Figs. 6 and 7 show the maximum accelerations profile for the 10 simulations (thin continuous line) and the average of the response in terms of the floor acceleration of each story (thick continuous line). The not perceptible and perceptible acceleration thresholds are depicted with dotted lines. For wind speeds with small return periods (10 years), the average floor acceleration of the CB building exceeds the not perceptible threshold in the 8 upper stories, while for the EDB building the average floor acceleration remains below 1.5 mili-g. Therefore, the damping system could be placed only in the upper stories and evaluate its effects, however, this may have an unfavorable effect on the control of the seismic response. For low frequent wind velocities (${T}_{r}=$ 50 years) the average floor acceleration for the CB building exceeds 10 mili-g from the fourth to the upper stories, while for the EDB building they remain under 5 mili-g for all stories.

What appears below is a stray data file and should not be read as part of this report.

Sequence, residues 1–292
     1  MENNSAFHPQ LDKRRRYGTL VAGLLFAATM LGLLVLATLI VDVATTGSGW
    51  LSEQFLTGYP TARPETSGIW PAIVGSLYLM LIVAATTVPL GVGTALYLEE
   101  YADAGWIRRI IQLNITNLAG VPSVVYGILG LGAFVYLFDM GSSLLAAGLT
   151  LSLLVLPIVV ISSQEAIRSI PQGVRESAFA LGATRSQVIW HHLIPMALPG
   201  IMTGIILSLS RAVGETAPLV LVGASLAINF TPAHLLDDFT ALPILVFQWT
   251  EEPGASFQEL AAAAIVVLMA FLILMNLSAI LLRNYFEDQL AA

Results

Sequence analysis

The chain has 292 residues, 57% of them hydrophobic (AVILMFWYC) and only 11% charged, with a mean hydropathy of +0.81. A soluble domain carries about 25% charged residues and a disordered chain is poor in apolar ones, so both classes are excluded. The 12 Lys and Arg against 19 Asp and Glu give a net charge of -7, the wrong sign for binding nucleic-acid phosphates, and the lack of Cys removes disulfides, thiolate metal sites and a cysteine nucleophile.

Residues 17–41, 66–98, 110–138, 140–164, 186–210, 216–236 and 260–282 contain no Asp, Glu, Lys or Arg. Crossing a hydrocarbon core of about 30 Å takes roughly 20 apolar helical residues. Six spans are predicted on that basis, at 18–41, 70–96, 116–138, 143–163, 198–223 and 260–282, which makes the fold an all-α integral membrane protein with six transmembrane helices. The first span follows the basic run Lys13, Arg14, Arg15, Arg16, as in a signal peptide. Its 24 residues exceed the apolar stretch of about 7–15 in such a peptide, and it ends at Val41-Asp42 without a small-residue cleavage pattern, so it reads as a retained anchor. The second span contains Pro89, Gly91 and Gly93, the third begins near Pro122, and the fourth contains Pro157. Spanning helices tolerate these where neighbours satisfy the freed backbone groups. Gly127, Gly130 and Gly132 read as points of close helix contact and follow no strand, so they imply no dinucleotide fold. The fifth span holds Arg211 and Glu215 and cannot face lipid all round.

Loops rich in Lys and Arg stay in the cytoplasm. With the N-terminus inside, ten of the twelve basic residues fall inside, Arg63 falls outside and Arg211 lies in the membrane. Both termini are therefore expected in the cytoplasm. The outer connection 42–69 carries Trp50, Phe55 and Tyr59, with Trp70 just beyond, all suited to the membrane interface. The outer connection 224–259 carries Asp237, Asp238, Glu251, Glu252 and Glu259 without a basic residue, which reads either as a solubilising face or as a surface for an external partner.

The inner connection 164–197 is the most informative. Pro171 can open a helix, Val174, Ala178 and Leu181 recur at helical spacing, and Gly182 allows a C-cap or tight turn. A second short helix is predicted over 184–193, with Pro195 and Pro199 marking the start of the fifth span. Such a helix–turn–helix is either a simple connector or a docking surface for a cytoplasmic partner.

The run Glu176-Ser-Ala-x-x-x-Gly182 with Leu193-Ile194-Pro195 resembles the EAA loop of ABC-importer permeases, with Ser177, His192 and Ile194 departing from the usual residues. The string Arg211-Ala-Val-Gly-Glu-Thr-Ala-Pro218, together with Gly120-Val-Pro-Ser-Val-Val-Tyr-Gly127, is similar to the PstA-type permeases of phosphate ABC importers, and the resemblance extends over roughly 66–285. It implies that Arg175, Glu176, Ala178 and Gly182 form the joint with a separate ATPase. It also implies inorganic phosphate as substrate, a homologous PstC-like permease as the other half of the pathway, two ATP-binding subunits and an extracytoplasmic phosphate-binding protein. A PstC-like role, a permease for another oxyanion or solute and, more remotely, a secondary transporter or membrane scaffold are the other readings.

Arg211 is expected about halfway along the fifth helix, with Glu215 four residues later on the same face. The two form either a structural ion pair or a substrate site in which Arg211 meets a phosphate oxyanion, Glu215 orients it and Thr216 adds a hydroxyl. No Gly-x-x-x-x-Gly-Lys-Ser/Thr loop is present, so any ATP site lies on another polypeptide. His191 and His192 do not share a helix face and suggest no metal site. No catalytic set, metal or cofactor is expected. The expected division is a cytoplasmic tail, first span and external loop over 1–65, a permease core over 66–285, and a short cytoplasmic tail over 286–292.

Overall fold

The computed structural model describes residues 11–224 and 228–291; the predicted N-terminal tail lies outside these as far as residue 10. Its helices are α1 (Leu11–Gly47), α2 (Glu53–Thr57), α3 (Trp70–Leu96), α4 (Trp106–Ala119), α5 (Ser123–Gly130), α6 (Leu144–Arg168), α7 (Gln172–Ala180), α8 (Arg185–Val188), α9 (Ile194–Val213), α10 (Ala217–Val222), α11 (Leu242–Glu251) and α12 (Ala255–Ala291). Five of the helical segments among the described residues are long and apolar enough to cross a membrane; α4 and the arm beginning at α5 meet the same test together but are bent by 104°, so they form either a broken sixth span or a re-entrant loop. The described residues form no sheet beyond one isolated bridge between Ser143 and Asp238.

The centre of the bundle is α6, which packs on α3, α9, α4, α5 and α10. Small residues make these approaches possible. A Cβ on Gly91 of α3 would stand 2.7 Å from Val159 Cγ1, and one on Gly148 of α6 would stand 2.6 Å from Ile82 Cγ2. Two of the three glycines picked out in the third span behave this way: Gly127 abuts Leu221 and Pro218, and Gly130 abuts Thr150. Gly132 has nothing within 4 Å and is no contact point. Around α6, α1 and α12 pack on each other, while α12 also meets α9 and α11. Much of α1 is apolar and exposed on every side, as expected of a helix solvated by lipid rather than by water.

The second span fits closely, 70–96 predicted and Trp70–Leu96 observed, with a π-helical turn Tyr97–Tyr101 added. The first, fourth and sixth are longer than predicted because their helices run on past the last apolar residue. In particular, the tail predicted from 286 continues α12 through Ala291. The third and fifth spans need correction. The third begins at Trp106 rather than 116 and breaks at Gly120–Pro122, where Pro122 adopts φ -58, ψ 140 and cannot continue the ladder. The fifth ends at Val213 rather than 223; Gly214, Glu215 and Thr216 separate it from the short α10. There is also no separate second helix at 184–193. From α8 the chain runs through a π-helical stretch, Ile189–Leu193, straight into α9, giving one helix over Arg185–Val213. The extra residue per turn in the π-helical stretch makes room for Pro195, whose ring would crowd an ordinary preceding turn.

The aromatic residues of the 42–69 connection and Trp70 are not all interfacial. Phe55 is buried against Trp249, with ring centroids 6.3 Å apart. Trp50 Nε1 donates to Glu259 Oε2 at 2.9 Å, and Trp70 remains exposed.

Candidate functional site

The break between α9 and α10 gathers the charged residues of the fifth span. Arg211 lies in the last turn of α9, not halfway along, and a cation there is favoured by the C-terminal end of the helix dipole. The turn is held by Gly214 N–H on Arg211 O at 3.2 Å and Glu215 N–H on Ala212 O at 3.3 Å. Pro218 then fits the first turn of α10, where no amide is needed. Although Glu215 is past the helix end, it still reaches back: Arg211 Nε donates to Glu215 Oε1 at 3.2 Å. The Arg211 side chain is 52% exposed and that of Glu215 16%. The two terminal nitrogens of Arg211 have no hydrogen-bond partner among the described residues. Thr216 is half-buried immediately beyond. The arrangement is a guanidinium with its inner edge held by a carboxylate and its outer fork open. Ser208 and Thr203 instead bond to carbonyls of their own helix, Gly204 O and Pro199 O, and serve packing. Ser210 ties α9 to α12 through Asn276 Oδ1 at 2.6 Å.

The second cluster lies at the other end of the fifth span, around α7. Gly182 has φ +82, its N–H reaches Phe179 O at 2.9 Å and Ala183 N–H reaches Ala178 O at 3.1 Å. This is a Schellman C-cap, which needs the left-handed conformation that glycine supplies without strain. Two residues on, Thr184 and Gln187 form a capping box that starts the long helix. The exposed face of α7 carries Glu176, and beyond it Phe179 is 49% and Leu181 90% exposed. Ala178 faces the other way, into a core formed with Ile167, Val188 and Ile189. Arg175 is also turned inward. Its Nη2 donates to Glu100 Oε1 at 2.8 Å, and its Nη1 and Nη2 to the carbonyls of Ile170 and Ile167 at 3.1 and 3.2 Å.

Fig. 6. Floor acceleration profile for wind speed corresponding to ${T}_{r}=$ 10 years
a) CB building
b) EDB building
Fig. 7. Floor acceleration profile for wind speed corresponding to ${T}_{r}=$ 50 years
a) CB building
b) EDB building
5. Conclusions
It is concluded that the damping system has a favorable effect on the control of the floor acceleration and it is useful to effectively reduce the perception that could experience the occupants of the building under intense wind velocities. The maximum floor acceleration response of the EDB building was 6.5 and 10.3 times lower than that of the CB building, for wind velocities associated with return periods of 10 years and 50 years, respectively.
Acknowledgements
The first and third authors thank the Consejo Nacional de Ciencia y Tecnología (CONACyT) the scholarship given for their Ph.D. studies. This research had economic support from the DGAPA-UNAM under the project PAPIIT-IN103517.